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Potential development of a new currency to challenge the global dominance of the U.S. dollar

We've been warning about this for weeks now and here we are. Leaders from three continents are convening for a significant summit of BRICS, an informal alliance created over a decade ago to align the world's top emerging economies. However, achieving diplomatic cohesion has been a challenge for BRICS, particularly in light of Russia's invasion of Ukraine.

BRICS, an acronym for Brazil, Russia, India, China, and South Africa, embodies the key countries participating in the summit commencing in Johannesburg on Tuesday. Regrettably, Russian President Vladimir Putin cannot attend the summit in person due to his tarnished reputation on the global stage.

Instead, he will address the summit via video link. This decision stems from South Africa's status as a founding member of the International Criminal Court at The Hague, which would have obliged them to arrest President Putin based on an ICC warrant for war crimes in Ukraine had he physically been present in Johannesburg.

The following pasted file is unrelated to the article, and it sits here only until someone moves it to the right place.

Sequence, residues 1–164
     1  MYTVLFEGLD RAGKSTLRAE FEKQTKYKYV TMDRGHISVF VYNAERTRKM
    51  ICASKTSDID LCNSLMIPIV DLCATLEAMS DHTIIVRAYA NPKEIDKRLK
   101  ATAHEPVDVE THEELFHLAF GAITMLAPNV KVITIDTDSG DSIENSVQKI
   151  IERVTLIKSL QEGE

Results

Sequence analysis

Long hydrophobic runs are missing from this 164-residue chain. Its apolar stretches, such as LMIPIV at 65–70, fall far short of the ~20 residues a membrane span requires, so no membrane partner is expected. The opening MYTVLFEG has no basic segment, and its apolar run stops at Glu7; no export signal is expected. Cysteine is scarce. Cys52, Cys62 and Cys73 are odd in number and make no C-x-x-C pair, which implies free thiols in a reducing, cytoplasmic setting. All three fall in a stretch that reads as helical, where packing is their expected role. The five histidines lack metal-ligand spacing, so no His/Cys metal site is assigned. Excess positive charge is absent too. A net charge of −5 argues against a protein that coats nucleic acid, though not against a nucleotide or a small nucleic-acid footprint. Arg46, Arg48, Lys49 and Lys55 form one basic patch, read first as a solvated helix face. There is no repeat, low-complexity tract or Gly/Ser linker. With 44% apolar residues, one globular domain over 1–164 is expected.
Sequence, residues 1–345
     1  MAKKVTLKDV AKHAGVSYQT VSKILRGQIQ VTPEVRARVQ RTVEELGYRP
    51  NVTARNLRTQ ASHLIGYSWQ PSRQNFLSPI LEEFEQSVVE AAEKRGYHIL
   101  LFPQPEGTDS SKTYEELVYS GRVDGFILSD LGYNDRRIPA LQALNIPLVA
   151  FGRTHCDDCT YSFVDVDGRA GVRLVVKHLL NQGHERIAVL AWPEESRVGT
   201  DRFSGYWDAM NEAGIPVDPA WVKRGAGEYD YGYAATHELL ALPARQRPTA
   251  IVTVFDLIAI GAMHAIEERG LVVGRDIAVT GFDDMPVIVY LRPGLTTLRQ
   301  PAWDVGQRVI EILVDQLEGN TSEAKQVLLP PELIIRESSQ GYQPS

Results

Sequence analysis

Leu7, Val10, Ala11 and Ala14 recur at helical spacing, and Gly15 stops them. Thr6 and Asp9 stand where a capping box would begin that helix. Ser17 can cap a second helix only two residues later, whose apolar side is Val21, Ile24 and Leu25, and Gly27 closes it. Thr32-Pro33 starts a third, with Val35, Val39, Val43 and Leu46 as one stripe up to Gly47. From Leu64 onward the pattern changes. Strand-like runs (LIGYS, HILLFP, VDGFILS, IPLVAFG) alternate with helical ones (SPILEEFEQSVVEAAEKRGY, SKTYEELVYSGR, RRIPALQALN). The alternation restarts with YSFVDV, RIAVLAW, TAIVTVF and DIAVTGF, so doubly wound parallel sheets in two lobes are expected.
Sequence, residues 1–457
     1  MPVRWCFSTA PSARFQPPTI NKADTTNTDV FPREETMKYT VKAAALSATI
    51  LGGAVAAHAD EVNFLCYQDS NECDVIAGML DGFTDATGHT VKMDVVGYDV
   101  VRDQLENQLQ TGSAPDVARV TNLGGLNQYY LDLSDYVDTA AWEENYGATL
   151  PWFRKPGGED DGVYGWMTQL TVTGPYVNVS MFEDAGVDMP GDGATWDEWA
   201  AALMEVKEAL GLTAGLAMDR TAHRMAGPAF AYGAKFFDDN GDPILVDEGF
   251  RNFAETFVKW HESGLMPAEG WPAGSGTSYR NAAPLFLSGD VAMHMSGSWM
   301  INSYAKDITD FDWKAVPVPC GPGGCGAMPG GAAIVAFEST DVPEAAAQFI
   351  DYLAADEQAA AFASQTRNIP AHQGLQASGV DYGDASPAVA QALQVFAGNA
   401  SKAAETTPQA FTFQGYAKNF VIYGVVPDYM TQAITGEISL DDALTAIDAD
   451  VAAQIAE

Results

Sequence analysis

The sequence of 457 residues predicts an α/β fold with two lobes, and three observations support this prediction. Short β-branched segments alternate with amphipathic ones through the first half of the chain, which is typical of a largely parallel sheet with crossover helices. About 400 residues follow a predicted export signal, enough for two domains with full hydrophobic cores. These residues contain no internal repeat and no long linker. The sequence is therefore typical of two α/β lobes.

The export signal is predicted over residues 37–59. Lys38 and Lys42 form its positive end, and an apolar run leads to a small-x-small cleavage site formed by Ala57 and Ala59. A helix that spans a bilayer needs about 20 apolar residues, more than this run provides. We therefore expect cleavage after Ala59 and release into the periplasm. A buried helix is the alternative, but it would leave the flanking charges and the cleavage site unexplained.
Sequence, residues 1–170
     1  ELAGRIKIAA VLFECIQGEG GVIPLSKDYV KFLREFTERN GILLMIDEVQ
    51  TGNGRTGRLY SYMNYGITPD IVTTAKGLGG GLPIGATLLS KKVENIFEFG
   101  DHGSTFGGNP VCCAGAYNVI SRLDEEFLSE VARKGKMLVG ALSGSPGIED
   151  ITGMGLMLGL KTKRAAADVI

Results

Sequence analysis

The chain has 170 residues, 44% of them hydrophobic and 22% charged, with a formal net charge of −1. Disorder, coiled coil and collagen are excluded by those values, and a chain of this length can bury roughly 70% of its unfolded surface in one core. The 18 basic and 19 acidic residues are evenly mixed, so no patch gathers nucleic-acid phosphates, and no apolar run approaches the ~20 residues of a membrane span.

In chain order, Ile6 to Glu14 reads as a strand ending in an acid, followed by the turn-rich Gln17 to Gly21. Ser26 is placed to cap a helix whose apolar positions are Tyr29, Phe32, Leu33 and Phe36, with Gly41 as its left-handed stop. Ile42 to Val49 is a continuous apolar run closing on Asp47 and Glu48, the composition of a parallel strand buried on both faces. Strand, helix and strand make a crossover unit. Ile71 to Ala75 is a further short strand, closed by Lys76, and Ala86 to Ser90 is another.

This situation underscores the divisive nature of the war among the leading non-aligned powers of the Global South. Chinese President Xi Jinping, who rhetorically supports President Putin on Ukraine, will be in attendance at the BRICS summit, combining his trip with an official state visit to South Africa. Additionally, President Lula da Silva of Brazil, like China, continues to purchase record quantities of Russian oil despite Western sanctions against Moscow, making his presence at the summit all the more significant.

Indian Prime Minister Narendra Modi, on the other hand, had previously considered skipping the meeting. However, reports since early August indicate that he changed his mind following an urgent phone call from South African President Cyril Ramaphosa. Modi will now join the summit, further solidifying the participation of the BRICS nations.

This gathering, expected to center around discussions on the potential development of a new currency to challenge the global dominance of the U.S. dollar, is being closely monitored in Washington. Several lawmakers from both Republican and Democratic parties accuse the Ramaphosa government of supporting Putin's war - a claim that has added to the interest and scrutiny surrounding the summit.

With a quarter of the world's landmass covered, more than 40 percent of its population accounted for, and a combined GDP of $28 trillion, the current BRICS nations hold significant global presence. This collective economic strength surpasses the $25 trillion boasted by the United States, even without new members joining the bloc.

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